I was having these dreams. Dreams about James. And whenever I woke up from one of these dreams, I had a hard time figuring out whether it was really a dream, or if it was actually a memory.
That's my deepest, darkest secret, my friend. I think my mind was starting to play tricks on me. And I had a feeling I knew who to blame. My parents. And Fern Haven. And that awful Dr. Narmond.
But that's a story for another time.
I looked at Harry as we walked back to the Dakota. Harry and I were both dark-eyed and dark-haired, and we were fiercely loyal to each other. Two people couldn't be tighter friends and confidants than we were. Still, I wished we had that twin telepathy thing you always hear about, but we didn't. Probably because aside from the superficial physical traits and the aforementioned loyalty, we couldn't have been less alike.
Harry was quiet. He was mopey. He had this tendency to slouch. He was asthmatic, and he slept long and late every day when he could. Harry was also kind.
Yes, much to my parents' disappointment, Harry was born an emo, and even though he was a world-class pianist who could bring an audience at Lincoln Center to tears, Malcolm and Maud described him as sensitive, sentimental, and weak. He had never won a Gongo or gotten a chop, and not even a billion emotion-quashing pills had ever dimmed a single ray of his brilliance.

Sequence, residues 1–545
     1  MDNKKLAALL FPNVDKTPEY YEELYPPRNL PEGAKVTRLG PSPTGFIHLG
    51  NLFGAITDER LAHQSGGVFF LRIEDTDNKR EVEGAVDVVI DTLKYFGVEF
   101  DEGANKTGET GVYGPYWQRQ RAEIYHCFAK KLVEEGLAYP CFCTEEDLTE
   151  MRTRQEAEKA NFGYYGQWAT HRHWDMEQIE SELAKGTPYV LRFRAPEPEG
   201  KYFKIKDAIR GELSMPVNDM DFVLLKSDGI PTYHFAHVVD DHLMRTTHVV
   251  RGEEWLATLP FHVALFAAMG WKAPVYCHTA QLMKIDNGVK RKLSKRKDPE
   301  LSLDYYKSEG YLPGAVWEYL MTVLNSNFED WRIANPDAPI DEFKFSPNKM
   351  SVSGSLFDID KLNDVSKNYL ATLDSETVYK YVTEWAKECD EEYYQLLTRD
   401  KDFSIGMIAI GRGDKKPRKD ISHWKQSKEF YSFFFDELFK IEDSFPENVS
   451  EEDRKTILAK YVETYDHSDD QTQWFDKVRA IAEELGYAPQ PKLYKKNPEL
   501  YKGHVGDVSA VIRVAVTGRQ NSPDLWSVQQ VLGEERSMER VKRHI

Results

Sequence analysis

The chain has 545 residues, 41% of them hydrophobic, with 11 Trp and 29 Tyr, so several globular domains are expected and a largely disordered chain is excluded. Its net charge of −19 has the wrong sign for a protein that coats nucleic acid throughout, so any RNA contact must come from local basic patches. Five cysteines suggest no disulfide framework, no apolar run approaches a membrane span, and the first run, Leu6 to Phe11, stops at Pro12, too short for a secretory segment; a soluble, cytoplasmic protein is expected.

According to me, he got major points for that.
I was Harry's flip side. I was up at dawn. I sometimes cooked elaborate breakfasts of apricot-and-chai oatmeal and fresh-squeezed orange juice before anyone else was even stretching their arms above their heads. I lived for a complex chemistry experiment and checked over my dad's financial books for fun—at least I had, back when he let me. I was known for being high- strung, and occasionally my sharpness was interpreted as, well, rudeness. I never danced around anything when I could cut to the chase, and no one had ever called me kind.
My parents gave me major points for that.
I'd also studied forensic science as a hobby since I was about six years old and had solved every mystery I'd ever read or seen on TV since I was eight. Now I just hoped I still had that talent. That quitting the drugs hadn't taken it from me.
Harry held the gate open for me, and we slipped inside the courtyard, ignoring the camera flashes popping all around us. Instead of thinking about me or Harry or Matthew, I thought about Adele. Adele, who listened well and laughed easily. Adele, who played in the orchestra and wore pink constantly and hung photos of composers and film directors in her locker. She could have gone on to do anything, be anyone, have a great big life.
Now she would never have another day. Another minute.
Call me crazy, but I wanted—no, I needed—to do something about it. I just hoped that the new and maybe-improved drug-free me still could.
I put my key in the lock of apartment 9G, the duplex where Harry, Hugo, and I had once lived with our parents but now suffered daily with our horrible uncle Peter until the courts decided what was to become of us. But before I turned the knob, the door opened, and a tall, dark, and drop-dead-handsome man of maybe fifty said hello.